Wednesday 20th Feb, I managed an early escape from work to travel up to Taunton for a Quantock Orienteers MapRun Event. The event centre was the Car Park of the Master Thatcher. Quantock were offering a 50 min score event with two options. Long used the odd evens format. Start on odds, switch to evens when you want but you can’t count any odds from then on, this was handily annotated on the map using Blue and Red control circles. The second option short, was a straight forward score using all the controls.
Instead of traditional pin punches or electronic punching the event used the MapRun app on a mobile. This was my first experience of using this technology, I downloaded and set it up at the event.
Once registered, I was given a PIN number to access the event on the app, all that was left was make my way to the start. I was accompanied by Jeff Pakes planner and mapper for the event, who gave me the low down on using the app. I decided to carry my phone in my bum bag hoping the beep you receive at a control would be loud enough to hear. As I approached the start, map in hand I was reassured to hear a clear beep, and off I headed. The terrain was mostly an area of housing estates with an extensive network of paths. My strategy was to try and collect all the controls but reassess every 10 mins to see how I was getting on. It’s always nice to find the first control but especially when your phone is acting as control and punching system. Sure enough my first control, a lamppost was there on the ground and as I approached it I was happy to hear a reassuring beep from my phone, first control done. Jeff’s map was great, a really simple map taken from open source data, which he added to with a simple survey. As I carried on getting more familiar with the system, and coming to terms that I wouldn’t see the normal reassuring control flag, just the control feature followed by a reassuring beep, it started to feel more second nature. Occasionally the beep didn’t come when expected, once I had got it wrong, I’d seen a lamppost and ran to it thinking it was the control feature, when it was actually the path junction 10m to my right. Another time I was at the feature, and began scratching my head, another mistake? No just needed to shift 1m and beep goes the phone.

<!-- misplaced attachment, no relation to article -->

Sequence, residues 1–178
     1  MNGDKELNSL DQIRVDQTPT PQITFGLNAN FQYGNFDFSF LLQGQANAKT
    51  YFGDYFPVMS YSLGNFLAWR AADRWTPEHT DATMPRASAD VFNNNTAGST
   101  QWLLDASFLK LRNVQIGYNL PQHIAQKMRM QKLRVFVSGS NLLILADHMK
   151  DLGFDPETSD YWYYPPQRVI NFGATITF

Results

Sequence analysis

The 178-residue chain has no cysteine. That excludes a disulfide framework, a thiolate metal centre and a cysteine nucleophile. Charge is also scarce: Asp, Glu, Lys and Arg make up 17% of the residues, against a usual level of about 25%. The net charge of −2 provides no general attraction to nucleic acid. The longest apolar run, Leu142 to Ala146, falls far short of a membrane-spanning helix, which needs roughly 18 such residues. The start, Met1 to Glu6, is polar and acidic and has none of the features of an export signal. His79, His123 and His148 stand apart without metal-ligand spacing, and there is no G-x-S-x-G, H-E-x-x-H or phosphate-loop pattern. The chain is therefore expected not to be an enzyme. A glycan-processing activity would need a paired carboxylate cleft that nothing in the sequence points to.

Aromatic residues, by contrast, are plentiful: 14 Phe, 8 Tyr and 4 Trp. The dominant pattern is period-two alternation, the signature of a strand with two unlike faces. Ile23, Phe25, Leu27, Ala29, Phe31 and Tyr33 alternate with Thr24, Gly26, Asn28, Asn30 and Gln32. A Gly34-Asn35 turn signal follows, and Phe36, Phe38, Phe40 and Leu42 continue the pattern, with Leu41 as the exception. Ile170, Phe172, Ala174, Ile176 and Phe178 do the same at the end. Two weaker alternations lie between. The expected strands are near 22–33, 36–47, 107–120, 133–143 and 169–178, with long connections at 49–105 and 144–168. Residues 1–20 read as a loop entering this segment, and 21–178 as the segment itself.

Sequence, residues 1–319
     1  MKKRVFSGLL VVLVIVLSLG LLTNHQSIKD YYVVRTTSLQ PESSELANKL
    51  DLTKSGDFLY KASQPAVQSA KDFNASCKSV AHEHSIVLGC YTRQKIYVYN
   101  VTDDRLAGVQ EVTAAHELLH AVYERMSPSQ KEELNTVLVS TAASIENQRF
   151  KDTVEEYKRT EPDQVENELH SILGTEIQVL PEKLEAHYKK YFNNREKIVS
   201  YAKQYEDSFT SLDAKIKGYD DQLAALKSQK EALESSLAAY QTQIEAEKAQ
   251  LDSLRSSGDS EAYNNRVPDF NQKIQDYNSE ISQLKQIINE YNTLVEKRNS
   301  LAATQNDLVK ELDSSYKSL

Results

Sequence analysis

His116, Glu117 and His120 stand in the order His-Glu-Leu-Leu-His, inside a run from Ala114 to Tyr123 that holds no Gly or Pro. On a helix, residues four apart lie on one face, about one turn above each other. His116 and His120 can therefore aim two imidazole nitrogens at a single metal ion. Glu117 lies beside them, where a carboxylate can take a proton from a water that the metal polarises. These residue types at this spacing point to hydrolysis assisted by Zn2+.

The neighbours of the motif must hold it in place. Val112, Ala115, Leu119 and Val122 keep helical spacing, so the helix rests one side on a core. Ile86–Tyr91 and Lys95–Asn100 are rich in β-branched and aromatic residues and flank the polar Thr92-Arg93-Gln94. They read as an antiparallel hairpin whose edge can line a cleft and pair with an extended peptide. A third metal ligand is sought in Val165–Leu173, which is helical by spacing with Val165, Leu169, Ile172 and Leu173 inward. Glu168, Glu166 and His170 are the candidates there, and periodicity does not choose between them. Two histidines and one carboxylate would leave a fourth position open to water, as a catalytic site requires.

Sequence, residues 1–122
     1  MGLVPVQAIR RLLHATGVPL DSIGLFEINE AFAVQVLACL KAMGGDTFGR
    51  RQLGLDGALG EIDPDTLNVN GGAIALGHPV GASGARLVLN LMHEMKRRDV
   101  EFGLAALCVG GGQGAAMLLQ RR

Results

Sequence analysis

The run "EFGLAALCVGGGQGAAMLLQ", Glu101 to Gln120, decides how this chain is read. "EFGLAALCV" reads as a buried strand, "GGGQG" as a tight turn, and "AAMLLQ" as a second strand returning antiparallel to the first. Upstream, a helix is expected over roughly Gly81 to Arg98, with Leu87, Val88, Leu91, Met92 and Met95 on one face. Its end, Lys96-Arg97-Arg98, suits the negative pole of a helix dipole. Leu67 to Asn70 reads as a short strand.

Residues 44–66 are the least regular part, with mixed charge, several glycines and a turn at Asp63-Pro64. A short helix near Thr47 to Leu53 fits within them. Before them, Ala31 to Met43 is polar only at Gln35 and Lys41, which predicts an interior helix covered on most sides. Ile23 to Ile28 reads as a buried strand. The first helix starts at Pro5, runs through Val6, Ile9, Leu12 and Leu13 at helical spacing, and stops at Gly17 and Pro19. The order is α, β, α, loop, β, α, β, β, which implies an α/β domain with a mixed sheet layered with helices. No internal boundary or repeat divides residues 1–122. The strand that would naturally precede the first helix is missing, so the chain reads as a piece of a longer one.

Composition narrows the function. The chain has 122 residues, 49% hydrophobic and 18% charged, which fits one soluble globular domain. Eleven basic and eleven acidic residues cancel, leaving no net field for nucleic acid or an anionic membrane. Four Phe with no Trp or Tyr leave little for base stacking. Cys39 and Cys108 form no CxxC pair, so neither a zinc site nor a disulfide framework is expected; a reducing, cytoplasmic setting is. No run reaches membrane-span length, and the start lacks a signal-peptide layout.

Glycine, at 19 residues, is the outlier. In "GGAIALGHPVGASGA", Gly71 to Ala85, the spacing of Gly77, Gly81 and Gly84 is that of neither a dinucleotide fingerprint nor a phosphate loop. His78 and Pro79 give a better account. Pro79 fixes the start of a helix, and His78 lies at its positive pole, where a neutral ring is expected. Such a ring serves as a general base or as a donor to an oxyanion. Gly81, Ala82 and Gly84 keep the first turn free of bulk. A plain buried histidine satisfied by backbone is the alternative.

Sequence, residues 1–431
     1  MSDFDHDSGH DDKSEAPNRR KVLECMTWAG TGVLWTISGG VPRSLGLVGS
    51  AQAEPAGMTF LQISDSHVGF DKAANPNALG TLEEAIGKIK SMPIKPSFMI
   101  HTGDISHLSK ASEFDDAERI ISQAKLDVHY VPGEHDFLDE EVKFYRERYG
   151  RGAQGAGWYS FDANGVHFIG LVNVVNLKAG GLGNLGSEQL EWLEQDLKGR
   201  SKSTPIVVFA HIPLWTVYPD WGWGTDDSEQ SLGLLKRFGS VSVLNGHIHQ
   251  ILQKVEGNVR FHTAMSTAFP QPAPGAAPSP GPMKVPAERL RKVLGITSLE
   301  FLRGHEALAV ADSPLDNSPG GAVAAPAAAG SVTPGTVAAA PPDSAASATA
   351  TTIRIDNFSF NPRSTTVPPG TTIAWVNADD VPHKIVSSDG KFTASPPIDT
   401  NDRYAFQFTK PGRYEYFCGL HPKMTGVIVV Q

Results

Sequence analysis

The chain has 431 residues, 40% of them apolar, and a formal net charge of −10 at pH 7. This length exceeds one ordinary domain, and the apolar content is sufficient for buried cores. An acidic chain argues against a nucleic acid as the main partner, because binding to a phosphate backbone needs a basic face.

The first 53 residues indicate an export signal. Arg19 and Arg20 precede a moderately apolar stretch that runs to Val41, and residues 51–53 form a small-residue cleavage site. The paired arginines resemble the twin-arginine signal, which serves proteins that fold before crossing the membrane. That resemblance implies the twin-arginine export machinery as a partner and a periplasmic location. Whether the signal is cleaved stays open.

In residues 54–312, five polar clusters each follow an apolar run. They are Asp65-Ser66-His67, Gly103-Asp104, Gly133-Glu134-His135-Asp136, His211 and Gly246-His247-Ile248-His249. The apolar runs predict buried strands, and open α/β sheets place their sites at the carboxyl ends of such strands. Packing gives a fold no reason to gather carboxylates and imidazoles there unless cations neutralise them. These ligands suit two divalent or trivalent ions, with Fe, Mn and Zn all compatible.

Now I love score events at the best of times, but this terrain, excellent planning and the use of the MapRun app combined for a great informal event. Soon 40 mins had gone by and I was looking for the best route home, I quickly take in two 50 pointers and put my head down and make for the finish. Just a quick run into the pub Car Park over to the finish control and beep, I’d finished - 24 controls/30 visited and a score of 810, 4th overall. I quickly changed and headed into the pub. All that was left was to press the upload button on the app and check the results on your phone. As always it was good to chat to other runners about their run, and checkout out their routes. What was especially nice was to see the organisers and planners in the pub, with the planner not having to go out and collect controls (although I still offered), that’s the real benefit of this system the infrastructure is virtual, so volunteer time is greatly reduced, always a positive thing.
Thank you to Quantock Orienteers for a great event, especially Jeff Pakes, Planner and Roger and Judy Craddock the organisers.
So am I sold on the MapRun app, Yes Yes Yes. I think for local informal events it's a win win situation. I have listed a few Pros and Cons below.
Volunteer time and effort reduced
No control to be stolen or vandalised
Be able to make use of a variety of open public spaces
Simple to use
Excellent for summer series, training or local urban events
Occasionally need to moved around control feature to find the beep
Beep not always loud enough if you are in an area of traffic (would need to check my phone or app settings)
Not sure how good it would be in covered areas, underpasses, tree cover in parks etc (would need to trial)